The project I just finished this week is a Jack-in-the-box [pictured above] with several different LED bulbs purchased from SparkFun. This one can be seen on Instructables under Snake-in-the-Box.

Lastly I built an electric motorbike for my wife this summer that I am very proud of. This project can be found on Instructables under "Battery Powered Motorcycle" by Schockmade.

photo of Mike's battery powered motorcycle

That about wraps up our "Supplier Spotlight" look at Weller! Be sure to check out Mike's projects above and have a gander at SparkFun's Weller, Xcelite and Erem offerings.

I will close with a question for you, dear readers -- what are YOUR go-to soldering tools?

Comments 6 comments

  • hazmat / about 6 years ago / 2

    I have a couple favorites, I've used Metcal at work- nice, and so easy to change tips. For myself, I've given up on ANYTHING that is not temperature controlled- I would consider a butane iron for emergencies, but a temperature controlled iron does everything better. They heat up faster, they are less likely to destroy boards and components, tips last far longer, are less of a fire hazard- they are just better (for any use of your soldering iron that is actually soldering).

  • jkster107 / about 6 years ago / 2

    I'm curious about the results of that NASA microgravity soldering experiment... looks like circuitry repair in space may have some significant challenges.

    • Thanks for your comment. There's some more info on it here, although it still leaves us hanging a bit as to their ultimate conclusions and what changes were made to their soldering methods as a result:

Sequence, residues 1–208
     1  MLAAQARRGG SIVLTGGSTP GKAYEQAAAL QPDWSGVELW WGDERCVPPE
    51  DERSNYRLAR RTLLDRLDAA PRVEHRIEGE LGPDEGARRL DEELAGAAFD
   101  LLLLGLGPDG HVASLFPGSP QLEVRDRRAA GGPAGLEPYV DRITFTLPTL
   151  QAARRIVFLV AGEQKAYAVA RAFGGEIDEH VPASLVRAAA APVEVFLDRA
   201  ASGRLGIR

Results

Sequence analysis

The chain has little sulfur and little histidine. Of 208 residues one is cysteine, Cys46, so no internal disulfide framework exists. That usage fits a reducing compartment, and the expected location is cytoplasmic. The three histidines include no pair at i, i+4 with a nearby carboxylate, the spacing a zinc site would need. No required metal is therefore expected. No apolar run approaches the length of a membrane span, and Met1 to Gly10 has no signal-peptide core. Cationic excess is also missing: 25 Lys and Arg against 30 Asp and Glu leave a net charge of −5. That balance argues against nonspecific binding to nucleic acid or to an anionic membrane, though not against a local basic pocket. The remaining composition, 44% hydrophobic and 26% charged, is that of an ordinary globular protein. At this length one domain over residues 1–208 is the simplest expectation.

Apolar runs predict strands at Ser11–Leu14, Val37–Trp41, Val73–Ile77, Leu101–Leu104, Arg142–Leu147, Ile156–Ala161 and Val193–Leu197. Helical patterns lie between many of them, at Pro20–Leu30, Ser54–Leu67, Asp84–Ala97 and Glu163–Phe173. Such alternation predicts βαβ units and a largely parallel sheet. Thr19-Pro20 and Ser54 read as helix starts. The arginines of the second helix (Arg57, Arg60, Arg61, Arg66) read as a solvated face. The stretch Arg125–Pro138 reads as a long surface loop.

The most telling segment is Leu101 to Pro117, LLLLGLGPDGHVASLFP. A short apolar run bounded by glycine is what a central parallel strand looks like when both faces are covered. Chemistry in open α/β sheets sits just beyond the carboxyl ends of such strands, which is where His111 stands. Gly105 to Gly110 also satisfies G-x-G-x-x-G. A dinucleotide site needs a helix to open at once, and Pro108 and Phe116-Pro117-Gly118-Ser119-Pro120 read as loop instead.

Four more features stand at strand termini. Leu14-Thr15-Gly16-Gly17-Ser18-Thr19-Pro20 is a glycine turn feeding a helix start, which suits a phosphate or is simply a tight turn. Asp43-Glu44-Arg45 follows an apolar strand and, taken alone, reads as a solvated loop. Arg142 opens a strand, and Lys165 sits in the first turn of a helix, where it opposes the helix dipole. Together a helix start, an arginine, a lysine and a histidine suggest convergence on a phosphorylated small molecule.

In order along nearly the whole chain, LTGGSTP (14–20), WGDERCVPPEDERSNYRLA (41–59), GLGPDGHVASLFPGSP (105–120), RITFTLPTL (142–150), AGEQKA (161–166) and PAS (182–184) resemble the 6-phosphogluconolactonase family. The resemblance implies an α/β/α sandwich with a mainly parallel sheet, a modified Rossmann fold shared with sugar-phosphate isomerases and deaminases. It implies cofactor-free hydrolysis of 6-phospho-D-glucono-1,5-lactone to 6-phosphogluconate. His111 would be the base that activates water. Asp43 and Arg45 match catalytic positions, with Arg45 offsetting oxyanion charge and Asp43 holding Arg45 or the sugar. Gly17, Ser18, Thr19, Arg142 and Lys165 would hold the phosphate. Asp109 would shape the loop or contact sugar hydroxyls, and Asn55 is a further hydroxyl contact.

In Space Soldering Investigation

      Soldering Surprise

      There's also this explanation of what we're seeing in that video:

      "Real-time downlink video of the experiment yielded direct observation of the solder melting, equilibrium shape attainment by the liquid, and flux movement. The flux movement was particularly noteworthy because it was entirely unexpected. When the flux was released from the solder during heating, it formed a droplet that spun around the larger solder drop. This surprising movement is driven by thermocapillary flow induced by the temperature gradient. This type of behavior cannot be duplicated on Earth."

  • Hey Brambleton, Nice post and thanks for sharing! Wow that soldering in space movie was so awesome to watch. I did not expect the top of the solder wire to start melting first. (I thought it would collapse at the point where the soldering iron tip was touching). And the spinning flux was also a surprise. So cool!

    FWW, at my soldering station at home, I still use (and love) my old weller iron. When I first took the hook here at SparkFun, I decided to spend a little more and have something that would last, so I bought a nice blue weller. It's lasted me over 11 years, so it was way worth it!

    Thanks to Mike Schock for sharing those projects. What a fun Halloween project. Does it randomly pop, or does the rotating of the front thingy play into the timing?

    • Member #682213 / about 6 years ago / 2

      QCPete, The door pops open at one full rotation of the snake head knob. I turned it back and forth in the video just to illustrate the movement of the heads on the side of the box. This project was made in an attempt to try to build something a little more complex with my 3D printer. Usually I make some light-up pumpkins or something simple for Halloween.

  • Member #134773 / about 6 years ago / 2

    I was a bit disappointed when my Unger soldering iron died after only about 32 years of use. (Actually, what disappointed me was that Unger seems to have disappeared.). FWIW, I ended up buying a Weller (I think it's the same as the one Sparkfun sells, but haven't checked the model numbers). So far, so good, but I've only had it a couple of years. (About 3 years ago, I got a good buy on a "repair" station that includes hot air and a vacuum desoldering gun. Way beyond the needs of most hobbyists...)

    You might also like to read my comments on Flush Cutters -- I report on another use! ;-)